It almost seems quaint, the idea that people in an urban area could walk up to a bike rack, unlock a bike for a small fee, ride across town, and then drop the bike off again. But that’s just how modern-day bike share programs work. In Portland, Ore., for example, the recently-launched Biketown placed 1,000 bright orange bikes at 100 stations throughout the inner urban core. Users download the Biketown app (iOS and Android), and, for $2.50 for 30 minutes, grab a bike from a rack and pedal away. They’re able to return the bikes, which feature solar-powered LCD displays, to racks all over the service area. And New York City has a similar service, Citibike ($12 – $155), subsidized by the banking giant.


Be heard – Hornit dB140 ($32) and Loud Bicycle ($149)


Ever wish you could be not only seen but heard while you’re pedaling through downtown? There is technology out there to help with the latter in a big, bold way. Loud cycling horns are becoming more and more mainstream with the advent of devices from companies like Hornit (“The world’s loudest cycle horn”!) and Loud Bicycle. Though Loud Bicycle’s horn, which claims to be as loud as a car horn, will only be available for preorder in August 2016, its volume seems like it would be pretty impressive and effective. The same goes for Hornit’s horns, which are available for order from the UK now.


Lock and load – Skylock ($179)


It’s a shame we even have to worry about bike locks, but we do. Luckily these days, they’ve gotten better than ever. Skylock, which should finally be available in October 2016, utilizes some of the latest technology to keep your bike safe. The lock connects to your phone, which eliminates the need for a key, gives you the heads-up if someone is trying to make off with your bike, and even notifies your contacts if you’re in a crash. Even better? The built-in solar panel charges the battery. Read more here.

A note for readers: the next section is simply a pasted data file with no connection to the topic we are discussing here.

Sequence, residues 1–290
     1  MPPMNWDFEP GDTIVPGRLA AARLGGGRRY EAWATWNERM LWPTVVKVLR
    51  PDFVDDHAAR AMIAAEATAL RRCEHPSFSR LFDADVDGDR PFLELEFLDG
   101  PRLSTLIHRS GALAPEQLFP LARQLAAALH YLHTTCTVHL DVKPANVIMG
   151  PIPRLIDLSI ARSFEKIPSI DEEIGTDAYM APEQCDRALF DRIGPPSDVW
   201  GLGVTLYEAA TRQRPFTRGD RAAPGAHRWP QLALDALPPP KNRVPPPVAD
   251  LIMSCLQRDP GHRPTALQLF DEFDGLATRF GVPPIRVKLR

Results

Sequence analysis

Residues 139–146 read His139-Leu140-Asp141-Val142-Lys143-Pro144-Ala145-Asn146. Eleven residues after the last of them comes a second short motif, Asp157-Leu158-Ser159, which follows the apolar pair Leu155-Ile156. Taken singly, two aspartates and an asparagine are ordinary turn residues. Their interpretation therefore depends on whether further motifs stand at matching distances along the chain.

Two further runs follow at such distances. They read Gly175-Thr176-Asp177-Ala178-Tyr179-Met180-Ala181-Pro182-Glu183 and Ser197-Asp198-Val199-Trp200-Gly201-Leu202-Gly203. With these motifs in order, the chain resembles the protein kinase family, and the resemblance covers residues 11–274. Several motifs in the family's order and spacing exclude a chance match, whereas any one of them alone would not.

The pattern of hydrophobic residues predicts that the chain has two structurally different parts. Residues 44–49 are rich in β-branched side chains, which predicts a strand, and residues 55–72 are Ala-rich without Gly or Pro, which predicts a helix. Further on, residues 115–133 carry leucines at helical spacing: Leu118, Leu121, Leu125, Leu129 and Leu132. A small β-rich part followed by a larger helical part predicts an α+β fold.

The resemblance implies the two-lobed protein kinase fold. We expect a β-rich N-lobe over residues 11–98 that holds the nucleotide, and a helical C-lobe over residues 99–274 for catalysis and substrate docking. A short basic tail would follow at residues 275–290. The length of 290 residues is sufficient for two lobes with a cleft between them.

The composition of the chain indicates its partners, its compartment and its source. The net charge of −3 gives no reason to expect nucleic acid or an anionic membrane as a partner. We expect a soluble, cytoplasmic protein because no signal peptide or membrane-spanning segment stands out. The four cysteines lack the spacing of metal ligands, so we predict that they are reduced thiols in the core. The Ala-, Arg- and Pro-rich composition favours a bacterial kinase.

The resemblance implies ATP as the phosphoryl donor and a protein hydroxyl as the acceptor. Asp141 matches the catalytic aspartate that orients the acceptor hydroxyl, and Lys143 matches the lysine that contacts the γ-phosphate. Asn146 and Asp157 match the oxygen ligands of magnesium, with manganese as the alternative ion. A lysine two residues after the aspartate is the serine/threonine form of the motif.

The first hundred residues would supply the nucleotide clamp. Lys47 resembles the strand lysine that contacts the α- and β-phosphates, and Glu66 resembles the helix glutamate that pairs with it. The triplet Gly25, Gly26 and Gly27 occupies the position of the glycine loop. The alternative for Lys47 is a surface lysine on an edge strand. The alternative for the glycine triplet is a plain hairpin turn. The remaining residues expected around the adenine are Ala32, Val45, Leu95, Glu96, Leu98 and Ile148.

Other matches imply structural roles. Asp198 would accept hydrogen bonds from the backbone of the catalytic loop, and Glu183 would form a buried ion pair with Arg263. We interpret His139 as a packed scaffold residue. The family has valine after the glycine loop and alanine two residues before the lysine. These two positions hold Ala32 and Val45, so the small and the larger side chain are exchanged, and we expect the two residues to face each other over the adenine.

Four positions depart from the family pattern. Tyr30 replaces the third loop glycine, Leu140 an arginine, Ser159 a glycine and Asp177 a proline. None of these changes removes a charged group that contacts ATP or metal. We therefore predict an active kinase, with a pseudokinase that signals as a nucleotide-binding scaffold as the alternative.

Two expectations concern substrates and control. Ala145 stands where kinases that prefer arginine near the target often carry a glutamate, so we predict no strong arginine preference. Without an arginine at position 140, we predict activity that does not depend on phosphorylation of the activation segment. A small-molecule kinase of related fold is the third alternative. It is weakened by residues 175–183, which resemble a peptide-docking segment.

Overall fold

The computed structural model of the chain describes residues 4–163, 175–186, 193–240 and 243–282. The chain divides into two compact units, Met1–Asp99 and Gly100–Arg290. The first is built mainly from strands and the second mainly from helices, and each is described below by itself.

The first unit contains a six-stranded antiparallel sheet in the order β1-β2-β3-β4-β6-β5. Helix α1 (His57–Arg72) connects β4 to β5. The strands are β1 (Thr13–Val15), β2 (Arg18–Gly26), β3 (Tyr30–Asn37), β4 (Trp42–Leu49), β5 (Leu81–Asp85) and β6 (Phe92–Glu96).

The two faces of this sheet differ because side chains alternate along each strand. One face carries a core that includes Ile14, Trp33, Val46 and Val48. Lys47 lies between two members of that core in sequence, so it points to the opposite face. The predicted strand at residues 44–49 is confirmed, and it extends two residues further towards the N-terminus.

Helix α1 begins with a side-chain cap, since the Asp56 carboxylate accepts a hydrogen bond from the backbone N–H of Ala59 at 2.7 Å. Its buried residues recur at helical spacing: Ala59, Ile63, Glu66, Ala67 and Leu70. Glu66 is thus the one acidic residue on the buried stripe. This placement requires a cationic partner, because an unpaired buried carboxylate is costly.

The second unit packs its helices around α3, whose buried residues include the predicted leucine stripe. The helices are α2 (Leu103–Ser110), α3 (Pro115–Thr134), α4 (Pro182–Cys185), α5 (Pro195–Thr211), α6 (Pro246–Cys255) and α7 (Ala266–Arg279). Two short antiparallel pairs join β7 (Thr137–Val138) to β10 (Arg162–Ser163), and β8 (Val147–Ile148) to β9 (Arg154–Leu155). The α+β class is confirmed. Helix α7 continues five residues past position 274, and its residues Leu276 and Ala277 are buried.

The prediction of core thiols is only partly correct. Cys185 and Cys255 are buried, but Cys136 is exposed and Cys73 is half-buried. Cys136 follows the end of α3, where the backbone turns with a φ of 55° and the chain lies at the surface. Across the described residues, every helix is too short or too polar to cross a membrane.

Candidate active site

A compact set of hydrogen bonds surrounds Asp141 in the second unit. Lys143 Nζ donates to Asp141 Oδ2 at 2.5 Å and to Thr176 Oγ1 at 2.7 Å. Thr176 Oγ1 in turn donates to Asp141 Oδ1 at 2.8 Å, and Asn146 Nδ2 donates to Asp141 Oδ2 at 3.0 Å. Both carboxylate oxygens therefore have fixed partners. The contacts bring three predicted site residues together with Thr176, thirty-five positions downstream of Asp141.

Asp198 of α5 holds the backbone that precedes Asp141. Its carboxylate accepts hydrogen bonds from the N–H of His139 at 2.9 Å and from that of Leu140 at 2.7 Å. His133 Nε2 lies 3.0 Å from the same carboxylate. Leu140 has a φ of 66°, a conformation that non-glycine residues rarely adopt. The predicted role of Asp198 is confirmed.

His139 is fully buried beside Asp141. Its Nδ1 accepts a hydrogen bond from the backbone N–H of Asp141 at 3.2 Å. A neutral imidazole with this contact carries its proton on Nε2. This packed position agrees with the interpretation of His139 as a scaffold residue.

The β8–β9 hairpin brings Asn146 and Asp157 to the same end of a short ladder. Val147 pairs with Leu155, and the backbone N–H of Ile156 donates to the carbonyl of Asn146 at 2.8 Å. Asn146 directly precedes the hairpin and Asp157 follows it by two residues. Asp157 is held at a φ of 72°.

Find it – Spybike Spylamp Tracker (£83)


Even the best bike locks can have weaknesses. Should a thief find a way around yours, modern GPS technology offers a way to help get your bike back. Companies like Spybike make covert GPS tracking devices that clip on your seatpost or act as a light. Bluetooth-enabled, the trackers will detect unauthorized movement of the bike, shoot you an SMS alert, and start tracking your bike so the authorities can help you find it safely.

Power up – Siva Atom ($120)


Don’t let all the energy you create when riding go to waste. The Atom, by Siva Cycle, is a tidy little power generator that attaches to your bike and captures the power in a battery pack that can be used to charge up any USB-compatible devices.

Techno threads – LifeBEAM Smart Helmet ($200) and Zackees Turn Signal gloves ($75)


Wearable technology is becoming all the rage, and that includes in the world of cycling. Plenty of heart monitors and other activity trackers are available on the market. One of the latest is the LifeBEAM smart helmet, which not only protects your noggin, but also monitors your heart rate, calories, and overall performance. Californian company Zackees makes rechargeable turn signal gloves for cyclists, and Swedish company Hövding makes a low-profile bike helmet that’s more like an airbag for your head. Read our full Zackees review here.


Low tech – Donkey Products 6PACK (40 euros)


OK, so these last few may not be setting the tech world on fire, but there’s something to be said about innovation in cycling. For those who like to bike to barbecues, tailgates, or other social gatherings, companies like Donkey Products make stylish six-pack and wine bottle holders for your bike, while reams of high-design cupholders make it easy to bring coffee, soda, or any old libation along for the ride. Now that’s smart innovation.